Black Trans Lives Matter Solidarity March Wellington.
Saturday July 4th from 1pm.
Meet at Frank Kitts Park.
March to Parliament – mobility accessible route.
Speakers include Chanel Hati of New Zealand Prositiutes’ Collective, Wellington Pride Festival Chair Vivian Lyngdoh, aand Jayden Rurawhe.
You can register your name and email here for contact tracing Covid-19 purposes, but if that’s possible just come along. There is also a Facebook event here.
Organised by Black cis women in Aotearoa in solidarity – everyone is welcome to join.
You can contact the organisers Tammie and Chinwe 0210 835 2351 or email email@example.com or firstname.lastname@example.org
GMA won’t be formally speaking due to prior arrangements, but Ahi’s speech is below.
”Black Trans Lives Matter. Violence against Black trans women in the USA alone is astoundingly high, dozens of Black trans women are murdered every year. And that’s just the murders – how many Black trans people all around the world are subjected to invasive, unfair, inhumane, and violent treatment in day to day life? Even in Aotearoa where gun users need to be licenced, we have white supremacists massacring people of colour in their places of worship, and we have ”statistically disproportionate rates” of excessive force used against Maori by Police, and now we’re going to give them guns. We are terrified and justified in our fears. We reject that white supremacy is nothing but a handful of extremists – it’s in the structure of the court system and criminal justice process. [ref]. We cannot separate the violent extremists from the lack of equity in the system. White supremacist and transphobic extremists don’t come out of nowhere – they grew up in a society that says our lives are expendable at best. Ignore that pile of bodies under the rug, waiting for access to a house and healthcare and a simple. fucking. birth certificate.
”Trans people in Aotearoa are 9 x more likely than the general population to live with high psychological distress due to discrimination across every area of their public lives: 19% of trans people are homeless at some point in their lives – and this is closer to 25% for non-white trans people, trans people are at least twice as likely to be raped, yet there are almost no emergency housing or sexual violence support services for us.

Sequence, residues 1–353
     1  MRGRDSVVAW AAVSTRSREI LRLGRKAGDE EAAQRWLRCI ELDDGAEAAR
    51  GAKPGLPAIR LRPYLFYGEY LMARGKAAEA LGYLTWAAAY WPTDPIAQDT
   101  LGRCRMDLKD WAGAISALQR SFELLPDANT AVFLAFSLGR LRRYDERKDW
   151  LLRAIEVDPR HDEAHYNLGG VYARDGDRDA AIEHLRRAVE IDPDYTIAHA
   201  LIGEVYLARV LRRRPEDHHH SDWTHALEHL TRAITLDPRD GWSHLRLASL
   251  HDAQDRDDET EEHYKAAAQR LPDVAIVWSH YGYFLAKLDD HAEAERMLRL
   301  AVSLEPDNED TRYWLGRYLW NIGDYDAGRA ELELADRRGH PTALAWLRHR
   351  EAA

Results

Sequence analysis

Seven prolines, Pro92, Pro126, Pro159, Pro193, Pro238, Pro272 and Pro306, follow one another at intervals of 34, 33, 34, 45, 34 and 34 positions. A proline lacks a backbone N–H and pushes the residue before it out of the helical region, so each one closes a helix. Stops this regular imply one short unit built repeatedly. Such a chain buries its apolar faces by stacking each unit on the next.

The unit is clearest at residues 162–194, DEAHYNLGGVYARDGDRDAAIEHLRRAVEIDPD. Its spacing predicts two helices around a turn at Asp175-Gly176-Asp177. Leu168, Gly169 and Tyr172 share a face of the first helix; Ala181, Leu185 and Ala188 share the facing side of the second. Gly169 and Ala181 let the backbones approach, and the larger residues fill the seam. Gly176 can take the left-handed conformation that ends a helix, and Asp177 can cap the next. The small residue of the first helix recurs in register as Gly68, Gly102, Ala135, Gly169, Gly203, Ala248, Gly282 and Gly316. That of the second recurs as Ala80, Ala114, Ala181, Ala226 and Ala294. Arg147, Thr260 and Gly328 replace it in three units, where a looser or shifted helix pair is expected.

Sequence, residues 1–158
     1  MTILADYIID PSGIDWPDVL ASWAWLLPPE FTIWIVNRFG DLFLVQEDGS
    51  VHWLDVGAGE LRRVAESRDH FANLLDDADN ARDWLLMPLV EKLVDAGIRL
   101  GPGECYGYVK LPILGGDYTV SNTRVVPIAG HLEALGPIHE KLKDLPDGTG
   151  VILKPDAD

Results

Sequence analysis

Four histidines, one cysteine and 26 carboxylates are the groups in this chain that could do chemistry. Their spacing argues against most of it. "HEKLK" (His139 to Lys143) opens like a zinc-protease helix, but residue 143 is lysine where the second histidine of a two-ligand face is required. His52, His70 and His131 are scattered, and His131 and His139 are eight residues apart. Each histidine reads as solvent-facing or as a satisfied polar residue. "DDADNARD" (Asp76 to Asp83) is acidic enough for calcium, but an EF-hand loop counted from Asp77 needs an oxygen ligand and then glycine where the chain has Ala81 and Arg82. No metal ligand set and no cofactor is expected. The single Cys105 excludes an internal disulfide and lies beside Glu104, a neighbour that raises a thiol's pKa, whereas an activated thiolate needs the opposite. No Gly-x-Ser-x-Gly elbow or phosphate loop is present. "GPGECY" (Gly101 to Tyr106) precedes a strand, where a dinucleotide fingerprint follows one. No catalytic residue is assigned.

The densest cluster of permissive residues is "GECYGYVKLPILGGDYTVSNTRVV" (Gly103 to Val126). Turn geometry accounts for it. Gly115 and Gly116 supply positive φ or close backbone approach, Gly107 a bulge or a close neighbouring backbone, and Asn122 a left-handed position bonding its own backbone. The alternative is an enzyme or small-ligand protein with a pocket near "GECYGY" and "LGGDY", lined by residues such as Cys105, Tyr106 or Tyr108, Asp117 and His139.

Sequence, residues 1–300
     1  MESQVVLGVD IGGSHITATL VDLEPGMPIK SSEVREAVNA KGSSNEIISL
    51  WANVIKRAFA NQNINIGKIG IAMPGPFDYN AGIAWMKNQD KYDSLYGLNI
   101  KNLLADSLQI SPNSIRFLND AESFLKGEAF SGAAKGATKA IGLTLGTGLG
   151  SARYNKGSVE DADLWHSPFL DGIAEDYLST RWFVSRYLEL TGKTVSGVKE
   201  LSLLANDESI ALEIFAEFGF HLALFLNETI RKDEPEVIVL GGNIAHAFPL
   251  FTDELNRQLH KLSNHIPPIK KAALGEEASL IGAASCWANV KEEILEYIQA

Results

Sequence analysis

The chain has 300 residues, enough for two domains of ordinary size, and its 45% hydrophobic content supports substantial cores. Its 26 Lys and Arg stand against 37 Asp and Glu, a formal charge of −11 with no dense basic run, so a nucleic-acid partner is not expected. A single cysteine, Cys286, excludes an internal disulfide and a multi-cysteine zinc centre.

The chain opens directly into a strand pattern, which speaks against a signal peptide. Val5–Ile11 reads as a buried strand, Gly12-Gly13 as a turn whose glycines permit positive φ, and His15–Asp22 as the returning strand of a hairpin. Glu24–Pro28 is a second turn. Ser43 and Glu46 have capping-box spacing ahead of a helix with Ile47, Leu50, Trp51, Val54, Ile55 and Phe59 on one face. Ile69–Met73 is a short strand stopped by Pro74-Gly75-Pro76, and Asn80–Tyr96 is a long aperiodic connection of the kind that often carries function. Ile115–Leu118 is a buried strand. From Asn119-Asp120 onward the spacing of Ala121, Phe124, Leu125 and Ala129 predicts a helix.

1 in 3 trans people avoids going to a doctor when they need medical care because they are sick and tired of being disrespected. 83% of trans people in Aotearoa have the wrong gender marker on their birth certificate, and we are forced to have ”permanent medical changes” if we want to have accurate documentation. And for non-binary trans people it’s not possible under any circumstance. Trans people are so much more likely to be discriminated against in education and employment that the median income for trans people is half that of the general population. We are living in poverty. We’re hungry, we’re cold, we’re struggling. [ref]
”So it’s easy to compare Aotearoa to the USA and say it’s a small country here – we don’t have the same high murder rates, things are different, Black trans people are safe here. But white supremacy and anti-trans extremism are here, they affect the lives of Black trans people in Aotearoa every single day, and they won’t go anywhere until we get sharp, recognise them, and work together to stop them.
– Ahi Wi-Hongi